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Avoiding that ‘Empty Nest’ Feeling By Susan Brookes-Morris

Many of us will drop our child off at university for the first time this year. Or maybe they’re moving to another part of the country...or world. Along with the justifiable pride and excitement we feel at their achievement a few negative emotions will undoubtedly creep in: sadness, loss, fear and anxiety. We’ll wonder how our baby grew up so quickly and worry about how they will cope with being away from home, and how we will cope with their absence. These feelings are sometimes called ‘Empty Nest Syndrome.’

Find a hobby or sport to fill the extra time. Perhaps something you’ve longed to do but felt family commitments prevented, be that yoga, fishing or painting.

You could even follow your child’s lead and study something new. This could be taking language or woodwork lessons at the local college, or enrolling on an Open University course, taking a professional qualification or undertaking a degree yourself.

If you’ve let your career stall whilst bringing up the children now may be the chance to re -ignite it. Or you could use your increased time and energies to start a new business, or volunteer.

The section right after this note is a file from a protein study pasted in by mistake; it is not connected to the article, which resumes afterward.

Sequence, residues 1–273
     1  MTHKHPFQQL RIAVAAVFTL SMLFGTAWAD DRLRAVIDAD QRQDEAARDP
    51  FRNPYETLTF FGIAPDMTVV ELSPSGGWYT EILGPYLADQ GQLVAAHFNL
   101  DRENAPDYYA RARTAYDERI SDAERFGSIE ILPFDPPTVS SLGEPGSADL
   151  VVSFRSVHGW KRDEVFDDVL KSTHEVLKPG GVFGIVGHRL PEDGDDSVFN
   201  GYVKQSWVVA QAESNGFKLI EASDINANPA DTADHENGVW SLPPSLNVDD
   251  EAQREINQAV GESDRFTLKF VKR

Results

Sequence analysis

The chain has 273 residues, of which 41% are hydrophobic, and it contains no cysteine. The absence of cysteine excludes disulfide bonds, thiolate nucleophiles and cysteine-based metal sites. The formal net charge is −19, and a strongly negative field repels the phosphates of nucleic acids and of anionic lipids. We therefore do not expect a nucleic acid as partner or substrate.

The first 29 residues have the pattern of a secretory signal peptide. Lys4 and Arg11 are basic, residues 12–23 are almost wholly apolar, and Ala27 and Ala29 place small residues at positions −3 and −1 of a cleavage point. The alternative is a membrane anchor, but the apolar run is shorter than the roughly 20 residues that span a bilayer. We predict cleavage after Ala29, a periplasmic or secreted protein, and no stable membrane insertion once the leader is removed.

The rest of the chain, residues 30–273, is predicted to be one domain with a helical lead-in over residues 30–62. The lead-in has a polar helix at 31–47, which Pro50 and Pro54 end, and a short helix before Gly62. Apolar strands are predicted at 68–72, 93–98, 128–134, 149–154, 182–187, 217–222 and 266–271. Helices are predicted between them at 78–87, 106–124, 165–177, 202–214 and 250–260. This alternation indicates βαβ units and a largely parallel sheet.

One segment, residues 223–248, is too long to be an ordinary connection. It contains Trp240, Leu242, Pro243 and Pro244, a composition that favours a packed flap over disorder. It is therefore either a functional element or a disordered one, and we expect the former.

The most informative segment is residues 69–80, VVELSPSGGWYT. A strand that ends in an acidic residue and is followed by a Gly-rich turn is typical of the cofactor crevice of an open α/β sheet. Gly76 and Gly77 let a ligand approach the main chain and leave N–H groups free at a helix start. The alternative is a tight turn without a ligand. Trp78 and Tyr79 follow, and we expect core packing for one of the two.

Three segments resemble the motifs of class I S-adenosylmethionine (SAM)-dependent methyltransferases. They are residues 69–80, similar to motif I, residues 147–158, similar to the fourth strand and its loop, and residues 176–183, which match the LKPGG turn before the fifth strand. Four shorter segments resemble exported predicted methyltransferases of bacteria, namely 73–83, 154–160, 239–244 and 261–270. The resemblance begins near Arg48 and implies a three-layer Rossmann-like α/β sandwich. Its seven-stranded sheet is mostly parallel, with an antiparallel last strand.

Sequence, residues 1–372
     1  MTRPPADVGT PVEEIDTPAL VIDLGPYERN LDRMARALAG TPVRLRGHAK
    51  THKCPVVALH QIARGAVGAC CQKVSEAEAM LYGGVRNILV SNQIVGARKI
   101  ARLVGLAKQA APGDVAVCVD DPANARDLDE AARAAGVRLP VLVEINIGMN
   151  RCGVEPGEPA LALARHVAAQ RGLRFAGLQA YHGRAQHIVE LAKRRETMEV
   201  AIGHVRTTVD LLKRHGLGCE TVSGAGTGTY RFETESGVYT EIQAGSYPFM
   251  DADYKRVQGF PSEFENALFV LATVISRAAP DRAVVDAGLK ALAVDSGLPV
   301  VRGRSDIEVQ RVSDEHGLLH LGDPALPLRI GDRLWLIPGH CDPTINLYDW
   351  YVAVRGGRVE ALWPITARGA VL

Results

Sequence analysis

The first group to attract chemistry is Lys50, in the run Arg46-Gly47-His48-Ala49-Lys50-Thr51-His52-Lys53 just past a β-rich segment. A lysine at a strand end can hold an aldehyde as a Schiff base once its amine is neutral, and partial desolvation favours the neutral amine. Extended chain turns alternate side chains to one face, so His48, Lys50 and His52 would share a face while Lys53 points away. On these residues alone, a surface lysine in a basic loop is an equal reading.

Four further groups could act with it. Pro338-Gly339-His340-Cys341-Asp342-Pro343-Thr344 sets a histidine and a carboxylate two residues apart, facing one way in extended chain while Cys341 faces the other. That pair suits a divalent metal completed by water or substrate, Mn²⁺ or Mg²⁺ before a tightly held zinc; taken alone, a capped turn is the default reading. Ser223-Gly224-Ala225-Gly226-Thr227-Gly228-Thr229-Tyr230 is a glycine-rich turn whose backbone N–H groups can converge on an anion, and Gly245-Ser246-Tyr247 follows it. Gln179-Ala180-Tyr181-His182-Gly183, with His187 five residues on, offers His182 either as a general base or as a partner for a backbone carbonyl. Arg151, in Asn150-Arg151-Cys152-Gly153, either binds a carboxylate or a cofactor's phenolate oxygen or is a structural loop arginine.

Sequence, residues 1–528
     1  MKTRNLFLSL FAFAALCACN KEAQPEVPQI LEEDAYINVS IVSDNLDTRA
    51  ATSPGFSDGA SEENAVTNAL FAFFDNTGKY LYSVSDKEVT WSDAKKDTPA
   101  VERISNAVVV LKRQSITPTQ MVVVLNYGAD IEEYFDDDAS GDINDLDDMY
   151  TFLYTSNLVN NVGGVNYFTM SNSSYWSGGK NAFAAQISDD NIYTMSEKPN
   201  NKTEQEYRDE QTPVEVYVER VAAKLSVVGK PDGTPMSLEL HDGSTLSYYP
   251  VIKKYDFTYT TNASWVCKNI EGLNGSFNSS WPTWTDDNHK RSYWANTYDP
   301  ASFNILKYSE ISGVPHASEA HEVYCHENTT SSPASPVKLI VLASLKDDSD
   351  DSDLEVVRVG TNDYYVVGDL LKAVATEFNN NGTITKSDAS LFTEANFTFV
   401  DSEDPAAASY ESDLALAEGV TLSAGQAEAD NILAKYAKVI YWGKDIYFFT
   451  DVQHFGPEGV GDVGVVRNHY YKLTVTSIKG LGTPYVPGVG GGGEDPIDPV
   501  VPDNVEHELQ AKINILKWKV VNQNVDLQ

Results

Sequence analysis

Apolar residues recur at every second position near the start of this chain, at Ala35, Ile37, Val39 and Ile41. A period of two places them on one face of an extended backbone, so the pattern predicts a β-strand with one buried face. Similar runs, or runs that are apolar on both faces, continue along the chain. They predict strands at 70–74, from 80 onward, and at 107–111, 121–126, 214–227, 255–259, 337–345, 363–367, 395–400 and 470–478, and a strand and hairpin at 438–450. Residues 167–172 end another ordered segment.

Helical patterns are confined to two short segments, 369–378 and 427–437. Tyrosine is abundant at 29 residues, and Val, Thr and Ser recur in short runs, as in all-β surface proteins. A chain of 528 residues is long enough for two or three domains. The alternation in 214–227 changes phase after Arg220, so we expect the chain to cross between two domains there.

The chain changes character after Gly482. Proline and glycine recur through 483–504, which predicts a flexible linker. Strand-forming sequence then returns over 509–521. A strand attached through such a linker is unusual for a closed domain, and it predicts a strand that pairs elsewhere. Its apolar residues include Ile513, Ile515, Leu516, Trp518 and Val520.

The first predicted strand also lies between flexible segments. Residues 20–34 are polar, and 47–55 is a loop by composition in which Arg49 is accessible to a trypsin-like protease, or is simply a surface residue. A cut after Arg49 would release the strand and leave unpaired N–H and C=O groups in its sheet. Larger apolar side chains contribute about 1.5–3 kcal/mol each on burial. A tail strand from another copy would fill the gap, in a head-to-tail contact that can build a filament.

When we look for the positive in a situation it opens up a whole new range of opportunities which will help us shine as an individuals, build our confidence and increase our sense of well-being - exactly the same things in fact that we wish for our children embarking on their new life at university.

Statistics show that some parents find this time so difficult that they become depressed, and marriages may even break down as a result of the change.

You should share any concerns, ideally with your partner if you have one as they may also be experiencing mixed emotions. Or you could speak to a close friend, or seek support from a counselling service. Sometimes just hearing someone else say that your reaction is perfectly normal and talking things through really helps.

When a child leaves home we may have more than half of our life left to live. It’s a perfect time to take stock and create a wish list of things to do or try. Focussing attention on these will help manage the transition to a new lifestyle more easily and highlight the opportunities it brings.

It can be good to put more energy into nurturing a relationship. Find new activities to share together; take time to sit and talk, or to do the things you used to love to do before children came along.

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